Madhu Bazaz Wangu | Benefits of Daily Journaling
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Benefits of Daily Journaling

Benefits of Daily Journaling

Journaling is an integral part of the Writing Meditation Method that I practice daily. I prefer to write longhand for twenty to thirty minutes. When I write this way I feel a sense of self-exploration. Like digging deep within and excavating precious relics from underneath the surface. Sometimes I dig my outer life, sometimes my inner, and some other times both. I am my own research laboratory in search for not only my future writings but also my true Self.  

Journaling helps me delve deep and excavate my self. I explore and in the process discover things that I did not know before. Thus each time I get to know myself a little better. My thinking clarifies. My attitude changes a notch. Unself-conscious writing is a way of self-exploration. Once I begin to move my pen it requires minimum of guidance. Never self-conscious and having written it makes me sharply self-aware. Each time it helps me remove yet another unwanted layer of the layers and layers that surround my authentic Self.

Within the first five minutes my inhibitions are whisked away. The thought that no one else is going to lay an eye on the feelings and thoughts I pour on paper gives me complete freedom. My body relaxes, as does my mind. So much so that when I shut the journal joy as sweet as honey circulates my body.

The accumulated pages absorb all that could become mental baggage if I don’t empty it everyday. And after a page of pouring my heart out it turns into solemn or playful or beautiful-an adventure that was floating in my mind but now has potential to become art.

What I write is messy, random, ungrammatical and unsystematic. But it is infused with tremendous passion. When time comes to read what I have written, I discover that I have unexpectedly hit a target or two exactly where I wanted, and it always comes as a pleasurable surprise.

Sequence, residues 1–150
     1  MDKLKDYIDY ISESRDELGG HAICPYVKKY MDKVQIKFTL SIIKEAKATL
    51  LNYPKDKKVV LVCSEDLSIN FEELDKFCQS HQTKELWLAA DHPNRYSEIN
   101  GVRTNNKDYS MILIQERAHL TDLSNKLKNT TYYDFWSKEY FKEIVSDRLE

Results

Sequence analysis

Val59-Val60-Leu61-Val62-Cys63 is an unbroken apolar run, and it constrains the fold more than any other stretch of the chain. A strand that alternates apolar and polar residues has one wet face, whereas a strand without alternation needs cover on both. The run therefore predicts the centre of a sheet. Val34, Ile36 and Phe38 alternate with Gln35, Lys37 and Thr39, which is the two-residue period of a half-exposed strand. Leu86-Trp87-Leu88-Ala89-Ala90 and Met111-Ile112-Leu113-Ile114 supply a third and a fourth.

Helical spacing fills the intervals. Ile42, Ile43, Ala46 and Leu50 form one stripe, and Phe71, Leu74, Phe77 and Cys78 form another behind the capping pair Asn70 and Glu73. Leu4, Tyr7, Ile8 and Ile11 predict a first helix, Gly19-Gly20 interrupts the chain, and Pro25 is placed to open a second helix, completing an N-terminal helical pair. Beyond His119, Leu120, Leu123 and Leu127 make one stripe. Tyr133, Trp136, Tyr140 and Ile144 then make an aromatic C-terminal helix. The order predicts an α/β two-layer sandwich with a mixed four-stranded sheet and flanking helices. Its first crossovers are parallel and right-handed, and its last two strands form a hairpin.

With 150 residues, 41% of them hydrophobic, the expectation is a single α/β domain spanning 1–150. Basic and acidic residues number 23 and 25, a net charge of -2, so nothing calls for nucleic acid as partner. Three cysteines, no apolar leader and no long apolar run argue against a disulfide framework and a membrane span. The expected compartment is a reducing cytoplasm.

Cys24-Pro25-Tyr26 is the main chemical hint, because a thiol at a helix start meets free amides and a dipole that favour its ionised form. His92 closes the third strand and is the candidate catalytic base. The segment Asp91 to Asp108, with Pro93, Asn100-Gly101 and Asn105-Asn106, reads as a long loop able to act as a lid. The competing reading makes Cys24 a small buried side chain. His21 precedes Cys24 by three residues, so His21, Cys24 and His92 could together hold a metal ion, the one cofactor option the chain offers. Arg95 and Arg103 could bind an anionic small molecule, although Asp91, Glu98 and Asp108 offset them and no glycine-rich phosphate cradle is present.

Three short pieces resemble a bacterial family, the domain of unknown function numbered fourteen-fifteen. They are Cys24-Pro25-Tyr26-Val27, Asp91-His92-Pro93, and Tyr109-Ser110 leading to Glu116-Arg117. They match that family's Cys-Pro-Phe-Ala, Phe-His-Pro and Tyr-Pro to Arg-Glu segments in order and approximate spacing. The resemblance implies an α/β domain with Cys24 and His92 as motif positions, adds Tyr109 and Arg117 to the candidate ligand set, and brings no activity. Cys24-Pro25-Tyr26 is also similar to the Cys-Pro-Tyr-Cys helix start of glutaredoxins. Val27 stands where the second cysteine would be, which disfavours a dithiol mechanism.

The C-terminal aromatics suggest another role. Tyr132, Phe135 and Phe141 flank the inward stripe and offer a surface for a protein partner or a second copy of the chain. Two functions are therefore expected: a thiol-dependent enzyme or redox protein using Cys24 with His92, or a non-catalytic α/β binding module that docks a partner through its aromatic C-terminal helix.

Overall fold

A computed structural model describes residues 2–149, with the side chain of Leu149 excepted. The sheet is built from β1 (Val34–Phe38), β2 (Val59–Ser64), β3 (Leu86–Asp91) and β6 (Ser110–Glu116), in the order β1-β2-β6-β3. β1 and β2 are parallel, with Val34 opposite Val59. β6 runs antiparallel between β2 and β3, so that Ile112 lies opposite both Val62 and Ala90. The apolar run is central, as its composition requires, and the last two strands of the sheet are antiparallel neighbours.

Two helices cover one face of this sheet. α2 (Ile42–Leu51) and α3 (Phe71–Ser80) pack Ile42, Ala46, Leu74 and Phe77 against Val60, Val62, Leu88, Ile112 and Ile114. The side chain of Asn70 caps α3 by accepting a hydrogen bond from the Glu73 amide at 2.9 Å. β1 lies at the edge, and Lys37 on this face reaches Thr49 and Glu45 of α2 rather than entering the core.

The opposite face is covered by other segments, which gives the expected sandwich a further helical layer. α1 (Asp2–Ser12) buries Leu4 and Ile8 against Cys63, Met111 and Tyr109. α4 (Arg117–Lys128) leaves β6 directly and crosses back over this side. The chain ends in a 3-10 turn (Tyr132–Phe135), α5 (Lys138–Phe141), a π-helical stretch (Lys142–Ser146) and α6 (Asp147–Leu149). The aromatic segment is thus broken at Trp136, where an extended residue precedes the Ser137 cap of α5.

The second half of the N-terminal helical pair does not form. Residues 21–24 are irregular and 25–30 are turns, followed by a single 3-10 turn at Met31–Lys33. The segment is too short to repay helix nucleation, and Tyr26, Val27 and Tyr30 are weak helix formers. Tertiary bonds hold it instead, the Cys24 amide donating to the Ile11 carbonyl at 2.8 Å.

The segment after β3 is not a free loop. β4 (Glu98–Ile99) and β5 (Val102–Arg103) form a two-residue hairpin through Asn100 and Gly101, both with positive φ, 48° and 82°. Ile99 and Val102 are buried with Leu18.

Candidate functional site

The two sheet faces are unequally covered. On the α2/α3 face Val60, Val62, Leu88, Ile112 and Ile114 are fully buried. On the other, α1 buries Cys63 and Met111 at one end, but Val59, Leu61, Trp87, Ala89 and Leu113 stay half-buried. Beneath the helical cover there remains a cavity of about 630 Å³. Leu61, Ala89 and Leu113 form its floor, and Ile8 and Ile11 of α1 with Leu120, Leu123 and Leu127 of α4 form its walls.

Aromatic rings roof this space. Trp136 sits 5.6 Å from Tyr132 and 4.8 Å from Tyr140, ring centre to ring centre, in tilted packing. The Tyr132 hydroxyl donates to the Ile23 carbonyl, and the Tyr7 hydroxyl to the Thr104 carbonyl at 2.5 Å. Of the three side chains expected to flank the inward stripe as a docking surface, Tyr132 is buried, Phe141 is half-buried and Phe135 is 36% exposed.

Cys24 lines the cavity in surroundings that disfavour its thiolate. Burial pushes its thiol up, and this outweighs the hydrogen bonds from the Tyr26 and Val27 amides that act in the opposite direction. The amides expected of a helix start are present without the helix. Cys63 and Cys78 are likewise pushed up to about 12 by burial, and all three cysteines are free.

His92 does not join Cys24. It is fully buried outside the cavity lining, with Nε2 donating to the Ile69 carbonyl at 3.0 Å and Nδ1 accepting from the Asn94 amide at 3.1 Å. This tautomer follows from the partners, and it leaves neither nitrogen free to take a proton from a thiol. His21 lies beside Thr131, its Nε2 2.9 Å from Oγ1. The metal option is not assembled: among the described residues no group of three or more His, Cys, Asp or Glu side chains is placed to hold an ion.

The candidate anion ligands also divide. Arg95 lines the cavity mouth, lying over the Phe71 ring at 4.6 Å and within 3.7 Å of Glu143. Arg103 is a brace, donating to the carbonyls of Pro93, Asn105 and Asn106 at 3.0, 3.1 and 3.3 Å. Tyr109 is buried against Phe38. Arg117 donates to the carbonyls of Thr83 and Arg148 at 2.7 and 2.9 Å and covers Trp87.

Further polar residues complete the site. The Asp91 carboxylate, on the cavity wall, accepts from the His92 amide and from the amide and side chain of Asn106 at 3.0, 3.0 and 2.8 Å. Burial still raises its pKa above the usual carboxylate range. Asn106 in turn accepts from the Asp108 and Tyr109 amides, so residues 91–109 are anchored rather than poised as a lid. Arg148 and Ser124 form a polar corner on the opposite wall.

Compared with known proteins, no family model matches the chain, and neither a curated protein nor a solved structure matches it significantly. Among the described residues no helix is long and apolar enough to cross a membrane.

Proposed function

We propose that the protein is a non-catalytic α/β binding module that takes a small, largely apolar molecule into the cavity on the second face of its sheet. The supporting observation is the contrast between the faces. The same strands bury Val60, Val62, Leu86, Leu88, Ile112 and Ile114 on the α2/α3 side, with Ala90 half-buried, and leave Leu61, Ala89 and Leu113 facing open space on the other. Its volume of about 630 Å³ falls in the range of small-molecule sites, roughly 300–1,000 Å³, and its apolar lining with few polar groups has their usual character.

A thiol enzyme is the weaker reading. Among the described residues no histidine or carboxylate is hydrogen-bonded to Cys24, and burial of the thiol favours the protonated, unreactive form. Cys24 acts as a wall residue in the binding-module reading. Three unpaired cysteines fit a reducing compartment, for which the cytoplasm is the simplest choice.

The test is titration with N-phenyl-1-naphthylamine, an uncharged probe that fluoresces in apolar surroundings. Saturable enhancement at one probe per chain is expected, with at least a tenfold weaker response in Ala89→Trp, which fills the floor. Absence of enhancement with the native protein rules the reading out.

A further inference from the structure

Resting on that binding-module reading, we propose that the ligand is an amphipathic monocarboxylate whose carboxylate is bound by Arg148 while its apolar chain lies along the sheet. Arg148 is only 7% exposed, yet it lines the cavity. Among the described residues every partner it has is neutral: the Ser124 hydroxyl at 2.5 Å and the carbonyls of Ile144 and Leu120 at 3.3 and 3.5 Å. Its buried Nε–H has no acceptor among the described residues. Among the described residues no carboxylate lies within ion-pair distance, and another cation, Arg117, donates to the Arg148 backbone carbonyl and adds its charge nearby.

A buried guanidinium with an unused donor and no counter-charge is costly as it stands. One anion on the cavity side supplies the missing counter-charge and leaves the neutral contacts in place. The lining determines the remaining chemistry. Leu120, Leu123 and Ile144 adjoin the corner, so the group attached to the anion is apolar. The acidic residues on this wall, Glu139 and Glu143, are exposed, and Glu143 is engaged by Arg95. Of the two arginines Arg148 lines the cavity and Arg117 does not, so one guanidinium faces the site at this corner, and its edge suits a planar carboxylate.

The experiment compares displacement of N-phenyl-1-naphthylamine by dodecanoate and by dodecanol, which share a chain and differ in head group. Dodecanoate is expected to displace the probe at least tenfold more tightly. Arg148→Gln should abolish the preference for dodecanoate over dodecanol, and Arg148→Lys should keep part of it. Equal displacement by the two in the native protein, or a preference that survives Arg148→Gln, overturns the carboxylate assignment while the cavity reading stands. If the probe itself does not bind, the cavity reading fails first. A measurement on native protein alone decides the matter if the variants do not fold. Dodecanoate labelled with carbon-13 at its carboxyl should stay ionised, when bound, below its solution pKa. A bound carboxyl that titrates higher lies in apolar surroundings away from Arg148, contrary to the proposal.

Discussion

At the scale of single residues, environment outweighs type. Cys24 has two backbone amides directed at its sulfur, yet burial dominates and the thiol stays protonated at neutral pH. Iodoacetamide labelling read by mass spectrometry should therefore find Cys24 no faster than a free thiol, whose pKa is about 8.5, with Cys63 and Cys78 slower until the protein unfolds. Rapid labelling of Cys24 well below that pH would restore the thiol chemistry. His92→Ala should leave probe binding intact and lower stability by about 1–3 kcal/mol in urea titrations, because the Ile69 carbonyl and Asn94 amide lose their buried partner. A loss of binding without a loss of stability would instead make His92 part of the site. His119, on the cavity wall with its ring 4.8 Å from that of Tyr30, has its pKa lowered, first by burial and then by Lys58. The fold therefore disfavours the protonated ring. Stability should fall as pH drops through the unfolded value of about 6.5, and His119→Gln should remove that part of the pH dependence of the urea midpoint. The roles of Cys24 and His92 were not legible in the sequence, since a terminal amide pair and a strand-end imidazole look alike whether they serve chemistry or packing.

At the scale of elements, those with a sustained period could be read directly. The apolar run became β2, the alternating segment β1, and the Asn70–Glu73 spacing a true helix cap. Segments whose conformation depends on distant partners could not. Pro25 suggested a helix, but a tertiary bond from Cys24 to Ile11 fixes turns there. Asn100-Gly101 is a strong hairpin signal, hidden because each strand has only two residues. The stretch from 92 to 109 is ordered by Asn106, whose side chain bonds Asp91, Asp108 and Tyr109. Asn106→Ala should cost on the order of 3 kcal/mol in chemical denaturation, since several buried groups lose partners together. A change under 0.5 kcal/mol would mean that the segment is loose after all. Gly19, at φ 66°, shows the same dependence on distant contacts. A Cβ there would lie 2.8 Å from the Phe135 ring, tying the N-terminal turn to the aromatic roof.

If I do not journal fast and freely or if I stop to reread nothing of this kind would be ever written. The quality grows out of its haphazardness. In these mounds of verbal ash, a few fire starters lay dormant. I would not write them if I were self-conscious. Later, these latent sparks ignite future scenes or settings-bricks for a fine story, essay or a novel.

The spontaneous writing is therapeutic. It exorcises personal demons. It is the taskmaster for my ego, sweeper of the debris of my mind and most of all it is the cleaning ritual like washing my hands before eating.

The days when I am between two pieces of formal writing, when one has ended and the next has not yet to begin, I extend the time for the journal writing. It neither has a beginning nor an ending. Like an endless flowing river, I let myself float on its small and large waves. Like my inner companion it lays latent when I am occupied with other activities. But when I need it, it comes alive vital, vibrant, vigorous. It becomes what I want it to become. At least at first. Then it slaps me and wakes me up if I am not doing what is right, ill will, acting before thinking, taking a wrong turn, all those cliché warnings. An insight emerges.   I shut it close and sit up straight to think.

Having thus sung praises of journaling I must also mention a caveat. What if I accidently die tomorrow? Who will read my journals? I write what I believe to be true and what I am capable of imagining. But it is my truth. My loved ones know what I journal about. Yet it is not only “I,” “me,” “mine,” bits of my private mind, my authentic Self. Doesn’t that make it universal?

I have been journaling for twenty-five years. It was a habit. The habit has now become a compulsive desire. A good desire, it keeps me in touch with myself. It will continue to help me to become better than what I am today. It can’t help anyone else. But it is helping me. As a writer I like to think in helping my self I help all my readers by informing, entertaining, at times even enlightening them through my books, stories and essays.

From today begin journaling! Delve deep within. Excavate your self. Brush off the dirt and mud from your memories and experiences that must be told, from your imagination. And more importantly, surprise your self by discovering your authentic Self.

Who am I?  

1 Comment
  • I just came across your website as part of my way of finding inspiration for starting another semester of teaching writing to freshman college students. I’ve danced around meditation practice in the class for some time, but I am being nudged to go deeper. Thank you for sharing your insights and work. They have provided encouragement.

    July 31, 2013 at 10:30 am

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